These are the critical questions we need to ask as a House and see how we can balance them. But at the end of the day, ensure that Kenyans benefit out of those important services. As it has been said, many a times you hear of cancer patients being referred to Kenyatta National Hospital and while there, they get into a queue which last for ten months. If you go and join a queue, it takes ten months for you to get access to that machine. That becomes a very tricky situation because we want our people to have that equipment bought so that these biomedical engineers can be employed in this country to help us get the very important machines always operating. However, there are all those other questions. Therefore, we will be proposing some amendments to this Bill to ensure that it helps Kenyans. But at the same time, it does not raise issues which go against the Constitution. As we move forward, these are some of the issues Hon. Mule needs to consider. The issue of bringing a member from the Association of Engineers to sit on this Board will be important in terms of synergy. That is because they will think together and see how they will help the Board. However, where the number is less than 300 in the whole country, it would be a critical issue which we cannot ignore as we think about forming the board. Generally, this is an important Bill which can go a long way in helping this country; especially when we are talking about leasing of medical equipment. So, with those comments, I support this Bill. Thank you.
Let us have the Hon. Member for Kaiti.
Thank you, Hon. Temporary Deputy Speaker for giving me this opportunity to contribute to this very important Bill; the Biomedical Engineers’ Bill. I would like to seize this opportunity to congratulate the Mover of this Bill, Hon. Mule. At the outset, I would like to say that this Bill is very important because the structures proposed in it will definitely bring a lot of sanity in this field. As we are aware, this industry has been riddled with a lot of people who are not professionals and they behave like quacks. Therefore, this Bill will cure those types of people who practice in this industry and they are not qualified. The Bill has looked at the registration of professionals and I believe the qualifications have been clearly set out in the Bill. They will be regulated by this Bill and they will practice professionally. Part 13 of this Bill sets out provisions of approving training institutions. These provisions also set out penalties to people who would contravene that particular law. So, the Bill will ensure that training institutions are well regulated and practice as per the law. This Bill and its passage will significantly streamline the health sector. In Kenya, the quality of health care is very important and must be maintained. If this Bill will bring that kind of sanity in streamlining and improving the health sector, with those kinds of professionals, people who seek medical attention outside the country will be treated in this country. Therefore, this Bill is very timely and will improve and streamline the health sector. The electronic version of the Official Hansard Report is for information purposesonly. A certified version of this Report can be obtained from the Hansard Editor.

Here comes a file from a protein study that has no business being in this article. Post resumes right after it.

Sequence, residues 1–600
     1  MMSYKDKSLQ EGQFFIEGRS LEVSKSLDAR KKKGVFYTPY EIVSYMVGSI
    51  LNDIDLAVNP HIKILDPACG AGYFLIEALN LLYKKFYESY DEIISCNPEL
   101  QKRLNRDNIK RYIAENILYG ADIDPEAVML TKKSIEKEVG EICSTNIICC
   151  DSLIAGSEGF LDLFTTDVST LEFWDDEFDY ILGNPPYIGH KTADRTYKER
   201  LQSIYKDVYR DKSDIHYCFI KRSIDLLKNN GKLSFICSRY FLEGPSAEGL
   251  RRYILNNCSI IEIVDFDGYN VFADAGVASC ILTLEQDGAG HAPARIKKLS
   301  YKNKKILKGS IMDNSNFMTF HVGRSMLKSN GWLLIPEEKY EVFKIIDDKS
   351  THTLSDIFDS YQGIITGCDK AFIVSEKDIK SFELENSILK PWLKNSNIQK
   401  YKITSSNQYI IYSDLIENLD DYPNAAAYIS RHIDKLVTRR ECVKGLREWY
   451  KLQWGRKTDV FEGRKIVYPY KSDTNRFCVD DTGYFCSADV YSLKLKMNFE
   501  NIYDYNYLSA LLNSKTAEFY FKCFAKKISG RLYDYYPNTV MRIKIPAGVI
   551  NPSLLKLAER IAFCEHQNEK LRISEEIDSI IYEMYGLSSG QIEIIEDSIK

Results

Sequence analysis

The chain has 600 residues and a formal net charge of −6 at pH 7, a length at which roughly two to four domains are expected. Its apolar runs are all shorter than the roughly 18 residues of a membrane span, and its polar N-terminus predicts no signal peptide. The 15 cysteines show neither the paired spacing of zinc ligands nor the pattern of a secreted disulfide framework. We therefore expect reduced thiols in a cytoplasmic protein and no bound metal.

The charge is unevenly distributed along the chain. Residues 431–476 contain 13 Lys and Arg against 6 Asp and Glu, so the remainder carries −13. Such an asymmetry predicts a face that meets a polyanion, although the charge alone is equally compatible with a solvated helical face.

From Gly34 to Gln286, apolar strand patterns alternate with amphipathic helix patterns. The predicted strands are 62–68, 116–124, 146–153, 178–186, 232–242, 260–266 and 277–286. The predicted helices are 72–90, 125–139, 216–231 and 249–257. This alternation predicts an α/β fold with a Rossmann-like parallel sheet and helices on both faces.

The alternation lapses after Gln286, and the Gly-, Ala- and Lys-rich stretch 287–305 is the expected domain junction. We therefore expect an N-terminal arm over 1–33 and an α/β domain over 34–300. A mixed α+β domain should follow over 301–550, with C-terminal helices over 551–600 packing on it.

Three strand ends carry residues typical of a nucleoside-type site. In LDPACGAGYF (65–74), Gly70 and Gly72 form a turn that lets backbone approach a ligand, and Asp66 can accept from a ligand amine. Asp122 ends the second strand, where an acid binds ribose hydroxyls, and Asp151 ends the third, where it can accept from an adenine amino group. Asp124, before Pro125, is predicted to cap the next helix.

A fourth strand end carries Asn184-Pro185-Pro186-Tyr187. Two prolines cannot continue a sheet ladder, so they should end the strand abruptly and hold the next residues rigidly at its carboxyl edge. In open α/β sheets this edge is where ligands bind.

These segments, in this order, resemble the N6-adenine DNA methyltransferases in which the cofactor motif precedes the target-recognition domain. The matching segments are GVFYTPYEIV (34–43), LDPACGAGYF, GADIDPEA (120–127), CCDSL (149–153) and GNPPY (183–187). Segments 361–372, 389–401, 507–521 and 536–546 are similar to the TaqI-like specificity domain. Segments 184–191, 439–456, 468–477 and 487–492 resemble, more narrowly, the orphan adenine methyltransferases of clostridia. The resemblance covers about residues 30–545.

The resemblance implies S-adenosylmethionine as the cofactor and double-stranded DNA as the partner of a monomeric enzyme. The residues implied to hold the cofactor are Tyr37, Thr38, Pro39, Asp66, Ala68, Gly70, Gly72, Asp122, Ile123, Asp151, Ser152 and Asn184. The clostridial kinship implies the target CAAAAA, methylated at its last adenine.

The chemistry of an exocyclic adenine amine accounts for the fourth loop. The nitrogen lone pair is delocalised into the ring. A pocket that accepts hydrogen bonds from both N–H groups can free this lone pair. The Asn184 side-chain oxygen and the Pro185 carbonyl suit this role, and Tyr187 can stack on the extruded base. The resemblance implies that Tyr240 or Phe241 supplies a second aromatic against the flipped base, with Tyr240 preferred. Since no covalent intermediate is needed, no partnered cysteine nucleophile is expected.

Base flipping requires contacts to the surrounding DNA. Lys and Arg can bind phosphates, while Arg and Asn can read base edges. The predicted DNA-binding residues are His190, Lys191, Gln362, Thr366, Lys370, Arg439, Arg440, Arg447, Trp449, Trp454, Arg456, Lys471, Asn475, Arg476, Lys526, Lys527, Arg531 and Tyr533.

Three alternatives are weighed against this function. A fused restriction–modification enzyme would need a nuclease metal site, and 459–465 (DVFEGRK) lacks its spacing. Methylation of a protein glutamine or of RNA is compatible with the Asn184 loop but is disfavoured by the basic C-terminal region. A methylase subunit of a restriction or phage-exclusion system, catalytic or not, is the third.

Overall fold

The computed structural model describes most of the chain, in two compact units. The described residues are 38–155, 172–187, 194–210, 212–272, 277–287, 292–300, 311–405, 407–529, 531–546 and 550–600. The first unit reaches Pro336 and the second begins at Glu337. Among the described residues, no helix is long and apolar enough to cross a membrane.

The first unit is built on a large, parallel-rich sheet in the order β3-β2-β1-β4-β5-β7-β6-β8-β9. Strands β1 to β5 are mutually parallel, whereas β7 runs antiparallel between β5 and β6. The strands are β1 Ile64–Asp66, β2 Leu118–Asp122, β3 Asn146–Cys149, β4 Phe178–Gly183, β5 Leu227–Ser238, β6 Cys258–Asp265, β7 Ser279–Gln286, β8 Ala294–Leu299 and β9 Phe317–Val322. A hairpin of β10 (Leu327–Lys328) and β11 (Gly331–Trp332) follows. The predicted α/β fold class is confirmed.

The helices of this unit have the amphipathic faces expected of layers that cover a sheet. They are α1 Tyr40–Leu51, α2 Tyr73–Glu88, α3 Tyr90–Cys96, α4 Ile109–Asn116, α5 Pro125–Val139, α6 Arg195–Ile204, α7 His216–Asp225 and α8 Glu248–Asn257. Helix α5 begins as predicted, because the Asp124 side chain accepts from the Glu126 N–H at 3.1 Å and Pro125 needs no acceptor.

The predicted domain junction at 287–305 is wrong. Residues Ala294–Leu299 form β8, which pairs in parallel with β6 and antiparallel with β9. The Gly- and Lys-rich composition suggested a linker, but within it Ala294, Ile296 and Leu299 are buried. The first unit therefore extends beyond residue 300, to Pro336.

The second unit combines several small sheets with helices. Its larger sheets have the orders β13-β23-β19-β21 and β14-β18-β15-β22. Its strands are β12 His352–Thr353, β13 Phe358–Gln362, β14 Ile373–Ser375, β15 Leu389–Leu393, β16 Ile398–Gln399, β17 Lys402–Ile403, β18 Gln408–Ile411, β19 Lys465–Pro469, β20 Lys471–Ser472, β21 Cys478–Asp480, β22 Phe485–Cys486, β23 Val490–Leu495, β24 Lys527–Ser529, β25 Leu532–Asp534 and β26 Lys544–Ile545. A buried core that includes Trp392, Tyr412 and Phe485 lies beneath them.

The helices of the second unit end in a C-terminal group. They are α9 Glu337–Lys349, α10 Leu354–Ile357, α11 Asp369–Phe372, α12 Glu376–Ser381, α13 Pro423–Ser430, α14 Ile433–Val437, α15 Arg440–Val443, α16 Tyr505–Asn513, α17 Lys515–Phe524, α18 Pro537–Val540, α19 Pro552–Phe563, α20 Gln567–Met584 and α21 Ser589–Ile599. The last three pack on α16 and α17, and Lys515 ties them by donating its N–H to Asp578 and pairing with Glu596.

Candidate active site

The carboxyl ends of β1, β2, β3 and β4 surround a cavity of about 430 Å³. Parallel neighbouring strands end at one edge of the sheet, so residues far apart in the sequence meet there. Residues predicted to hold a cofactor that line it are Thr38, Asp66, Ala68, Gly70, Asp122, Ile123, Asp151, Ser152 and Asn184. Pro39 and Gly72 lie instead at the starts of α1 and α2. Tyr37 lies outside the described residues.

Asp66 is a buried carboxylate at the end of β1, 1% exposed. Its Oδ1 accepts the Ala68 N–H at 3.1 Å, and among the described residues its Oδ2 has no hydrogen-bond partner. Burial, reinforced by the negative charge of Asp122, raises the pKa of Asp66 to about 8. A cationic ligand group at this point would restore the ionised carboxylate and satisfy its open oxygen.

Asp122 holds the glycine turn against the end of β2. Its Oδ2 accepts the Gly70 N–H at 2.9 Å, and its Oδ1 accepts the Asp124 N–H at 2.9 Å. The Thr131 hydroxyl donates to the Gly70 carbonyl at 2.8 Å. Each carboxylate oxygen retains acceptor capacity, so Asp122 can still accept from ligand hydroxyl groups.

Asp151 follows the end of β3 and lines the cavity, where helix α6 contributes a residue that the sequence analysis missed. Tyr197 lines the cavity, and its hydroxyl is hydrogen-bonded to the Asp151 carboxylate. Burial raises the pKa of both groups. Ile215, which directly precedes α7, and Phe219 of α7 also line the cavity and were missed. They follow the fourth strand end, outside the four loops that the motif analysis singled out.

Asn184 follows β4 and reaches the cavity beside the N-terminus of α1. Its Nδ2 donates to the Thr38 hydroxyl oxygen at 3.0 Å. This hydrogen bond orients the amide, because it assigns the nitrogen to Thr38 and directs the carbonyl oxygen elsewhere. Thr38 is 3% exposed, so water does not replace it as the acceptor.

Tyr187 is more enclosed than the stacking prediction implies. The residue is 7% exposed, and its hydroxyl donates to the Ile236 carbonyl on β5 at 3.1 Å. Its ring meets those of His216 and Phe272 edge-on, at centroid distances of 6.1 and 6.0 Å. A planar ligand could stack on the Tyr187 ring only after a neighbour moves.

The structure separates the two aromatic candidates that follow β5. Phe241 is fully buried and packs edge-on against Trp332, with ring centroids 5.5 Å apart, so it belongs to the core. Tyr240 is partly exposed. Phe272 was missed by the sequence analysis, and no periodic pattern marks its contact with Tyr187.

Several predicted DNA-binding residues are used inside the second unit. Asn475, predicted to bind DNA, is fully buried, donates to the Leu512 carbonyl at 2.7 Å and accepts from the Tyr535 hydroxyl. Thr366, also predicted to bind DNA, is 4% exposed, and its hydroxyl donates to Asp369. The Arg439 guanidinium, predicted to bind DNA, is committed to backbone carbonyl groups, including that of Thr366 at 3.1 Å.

In addition to the provisions set out on Part IV, this Bill has come out very clearly on the issue of private practitioners. They will be prohibited not to practice as public biomedical officers and, at the same time, engage themselves in private practice. This Bill has come out very clearly. If an officer is serving in the public service, he may not practice privately. However, if he wants to practice privately, then he has to leave the public service and practice privately. That will root out any corrupt practices whereby people who are not qualified just sneaks out of their jobs and go to practice behind the streets of towns and cities. Therefore, I think this Bill is very timely. This is a very important discipline. We know that those professionals will also be dealing with human health, particularly the ones who deal with fixing implants in human bodies. Those are people who are very important to this country. Finally, this Bill will create morale for the biomedical engineers who might want to practice and work in this country. They may not want to seek green pastures out of this country and may want to retain or serve their country diligently. This Bill will improve the morale of Biomedical Engineers. As my colleagues have said, let the Mover also look at the issue of the Money Bill so that it can be aligned to this Bill. With those few remarks, I beg to support this Bill. Thank you.
Hon. Member for Kaiti, those cannot be few remarks. You need to just say that, “with those remarks---“But all of you say the same thing. Let us have the Hon. Member for Bureti.